Civil War scholars and buffs alike have long differed on the turning point of the war. Gettysburg, Vicksburg, and Chattanooga, to name but a few, have garnered attention as turning points. Seldom do the names of Forts Henry and Donelson enter the argument. But as prolific military historian Spencer C. Tucker points out, the capture of these river bastions in Tennessee became the first important Federal victories of a war still in its infancy.
From the beginning Union leaders devised a plan to capitalize on their command of America's waterways as a means of dividing and conquering the Confederacy. Large, navigable rivers such as the Mississippi, the Tennessee, and the Cumberland formed gateways to the Southern heartland.
In February 1862 a combined effort by the land forces of unheralded Federal General Ulysses S. Grant and a flotilla of gunboats commanded by veteran Flag Officer Andrew Foote moved on the inadequate Confederate defenses of northwestern Tennessee in a attempt to open the South to deeper penetration.
Ill-prepared Fort Henry on the Tennessee fell on February 6; ten days later Grant offered the hapless commander of Fort Donelson on the Cumberland the terms for which he would become famous - Unconditional Surrender.
The loss of these two important forts opened Tennessee to Union invasion. Within weeks Nashville fell, and soon the state and most of its resources were in Union hands. Grant became an instant hero in the North, while in the South the Confederacy scrambled to recover. It never would.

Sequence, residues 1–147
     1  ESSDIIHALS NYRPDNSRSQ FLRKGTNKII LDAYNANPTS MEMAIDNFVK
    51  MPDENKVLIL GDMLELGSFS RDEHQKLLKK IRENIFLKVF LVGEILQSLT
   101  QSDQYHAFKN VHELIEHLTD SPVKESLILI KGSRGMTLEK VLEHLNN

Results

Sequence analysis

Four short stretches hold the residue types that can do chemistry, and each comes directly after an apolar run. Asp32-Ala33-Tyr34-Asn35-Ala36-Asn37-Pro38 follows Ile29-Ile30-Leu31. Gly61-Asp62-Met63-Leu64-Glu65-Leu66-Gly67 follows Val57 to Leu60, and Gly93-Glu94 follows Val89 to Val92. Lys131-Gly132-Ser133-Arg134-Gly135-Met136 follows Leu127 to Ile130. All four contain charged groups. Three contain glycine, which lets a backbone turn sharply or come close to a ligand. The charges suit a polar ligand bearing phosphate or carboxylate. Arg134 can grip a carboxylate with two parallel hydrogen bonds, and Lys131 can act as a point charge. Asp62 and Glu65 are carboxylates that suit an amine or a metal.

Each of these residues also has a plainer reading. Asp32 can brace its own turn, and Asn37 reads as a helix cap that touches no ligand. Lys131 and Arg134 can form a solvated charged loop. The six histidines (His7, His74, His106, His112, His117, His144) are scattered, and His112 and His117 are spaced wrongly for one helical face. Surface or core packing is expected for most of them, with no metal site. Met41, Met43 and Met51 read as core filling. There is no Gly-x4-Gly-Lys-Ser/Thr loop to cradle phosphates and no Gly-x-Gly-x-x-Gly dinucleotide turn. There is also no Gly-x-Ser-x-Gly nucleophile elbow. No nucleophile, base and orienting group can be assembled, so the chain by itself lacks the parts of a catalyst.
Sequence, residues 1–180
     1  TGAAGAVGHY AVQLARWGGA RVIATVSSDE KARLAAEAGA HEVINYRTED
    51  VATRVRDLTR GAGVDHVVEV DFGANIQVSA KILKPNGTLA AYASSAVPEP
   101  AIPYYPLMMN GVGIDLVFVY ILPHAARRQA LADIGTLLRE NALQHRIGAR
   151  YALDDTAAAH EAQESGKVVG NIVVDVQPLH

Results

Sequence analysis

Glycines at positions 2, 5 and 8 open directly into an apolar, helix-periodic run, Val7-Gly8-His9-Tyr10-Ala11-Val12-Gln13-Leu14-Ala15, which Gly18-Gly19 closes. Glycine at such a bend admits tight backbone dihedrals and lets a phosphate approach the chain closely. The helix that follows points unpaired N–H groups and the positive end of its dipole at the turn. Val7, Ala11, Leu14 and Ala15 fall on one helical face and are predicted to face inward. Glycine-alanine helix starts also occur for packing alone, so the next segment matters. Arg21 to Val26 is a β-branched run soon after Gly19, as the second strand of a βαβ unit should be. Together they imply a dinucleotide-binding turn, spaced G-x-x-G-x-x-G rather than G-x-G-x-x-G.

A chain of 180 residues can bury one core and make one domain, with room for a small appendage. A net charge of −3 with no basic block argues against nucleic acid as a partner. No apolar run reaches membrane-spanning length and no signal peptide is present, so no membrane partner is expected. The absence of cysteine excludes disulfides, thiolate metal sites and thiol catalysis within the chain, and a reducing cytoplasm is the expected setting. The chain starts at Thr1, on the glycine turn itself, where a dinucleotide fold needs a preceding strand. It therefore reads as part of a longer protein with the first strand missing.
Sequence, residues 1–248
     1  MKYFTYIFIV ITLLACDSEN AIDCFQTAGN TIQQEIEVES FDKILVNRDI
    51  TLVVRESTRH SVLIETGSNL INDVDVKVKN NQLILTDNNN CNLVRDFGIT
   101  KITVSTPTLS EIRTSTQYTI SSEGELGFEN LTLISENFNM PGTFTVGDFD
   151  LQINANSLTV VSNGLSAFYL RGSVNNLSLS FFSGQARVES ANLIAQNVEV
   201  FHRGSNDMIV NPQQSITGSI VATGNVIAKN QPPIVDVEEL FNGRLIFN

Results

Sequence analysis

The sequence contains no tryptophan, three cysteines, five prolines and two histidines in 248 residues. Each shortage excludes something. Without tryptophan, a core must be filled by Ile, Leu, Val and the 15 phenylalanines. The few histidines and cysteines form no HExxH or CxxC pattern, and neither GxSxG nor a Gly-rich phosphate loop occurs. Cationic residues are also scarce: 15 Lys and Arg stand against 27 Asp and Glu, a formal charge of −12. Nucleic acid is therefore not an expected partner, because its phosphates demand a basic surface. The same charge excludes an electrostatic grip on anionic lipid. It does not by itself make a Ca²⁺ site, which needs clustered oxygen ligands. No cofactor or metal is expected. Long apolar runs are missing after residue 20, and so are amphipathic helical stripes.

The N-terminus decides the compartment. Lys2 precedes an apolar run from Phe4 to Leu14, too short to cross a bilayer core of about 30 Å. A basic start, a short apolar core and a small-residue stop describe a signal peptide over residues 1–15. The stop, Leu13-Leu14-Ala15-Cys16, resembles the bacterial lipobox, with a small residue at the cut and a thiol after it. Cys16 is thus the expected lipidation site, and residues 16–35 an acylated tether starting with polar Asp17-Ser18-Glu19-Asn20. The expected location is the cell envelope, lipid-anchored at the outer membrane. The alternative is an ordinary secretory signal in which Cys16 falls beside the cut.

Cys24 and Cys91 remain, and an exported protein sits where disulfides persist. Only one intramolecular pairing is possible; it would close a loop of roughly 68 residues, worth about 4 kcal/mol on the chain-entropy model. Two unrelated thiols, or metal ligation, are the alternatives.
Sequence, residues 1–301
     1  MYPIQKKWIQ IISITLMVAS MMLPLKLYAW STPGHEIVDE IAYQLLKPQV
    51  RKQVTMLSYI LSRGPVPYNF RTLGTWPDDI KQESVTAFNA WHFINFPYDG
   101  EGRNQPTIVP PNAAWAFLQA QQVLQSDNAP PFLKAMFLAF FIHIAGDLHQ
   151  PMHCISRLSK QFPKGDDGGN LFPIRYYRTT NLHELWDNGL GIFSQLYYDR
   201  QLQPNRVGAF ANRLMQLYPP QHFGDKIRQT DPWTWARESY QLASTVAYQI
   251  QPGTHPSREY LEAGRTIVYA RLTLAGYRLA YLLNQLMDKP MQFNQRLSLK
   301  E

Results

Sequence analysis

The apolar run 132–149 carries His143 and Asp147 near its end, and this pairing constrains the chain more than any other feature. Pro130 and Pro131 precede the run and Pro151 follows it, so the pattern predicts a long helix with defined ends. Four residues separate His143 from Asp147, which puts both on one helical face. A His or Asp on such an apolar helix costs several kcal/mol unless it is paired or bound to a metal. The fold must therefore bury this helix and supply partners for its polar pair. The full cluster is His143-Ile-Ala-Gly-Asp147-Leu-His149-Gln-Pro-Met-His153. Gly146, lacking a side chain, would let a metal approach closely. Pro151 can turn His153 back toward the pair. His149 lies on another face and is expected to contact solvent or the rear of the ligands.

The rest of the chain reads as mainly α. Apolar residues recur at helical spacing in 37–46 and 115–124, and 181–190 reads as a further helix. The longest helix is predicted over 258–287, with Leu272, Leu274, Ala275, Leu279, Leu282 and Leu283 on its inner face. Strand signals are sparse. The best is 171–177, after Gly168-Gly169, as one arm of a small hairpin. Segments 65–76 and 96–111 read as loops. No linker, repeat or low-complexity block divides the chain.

Tucker, an authority on naval warfare, deftly blends the elements of naval innovation, combined operations, and political considerations into a compelling story about the beginning of the end for the Southern Confederacy.
About the Author
SPENCER C. TUCKER is the John Biggs Professor of Military History at Virginia Military Institute. He is the author of numerous books, including Raphael Semmes and the Alabama and a recent biography of Andrew Foote, and is editor of the award-winning three-volume Encyclopedia of the Vietnam War and several other major reference works. He lives in Lexington, Virginia.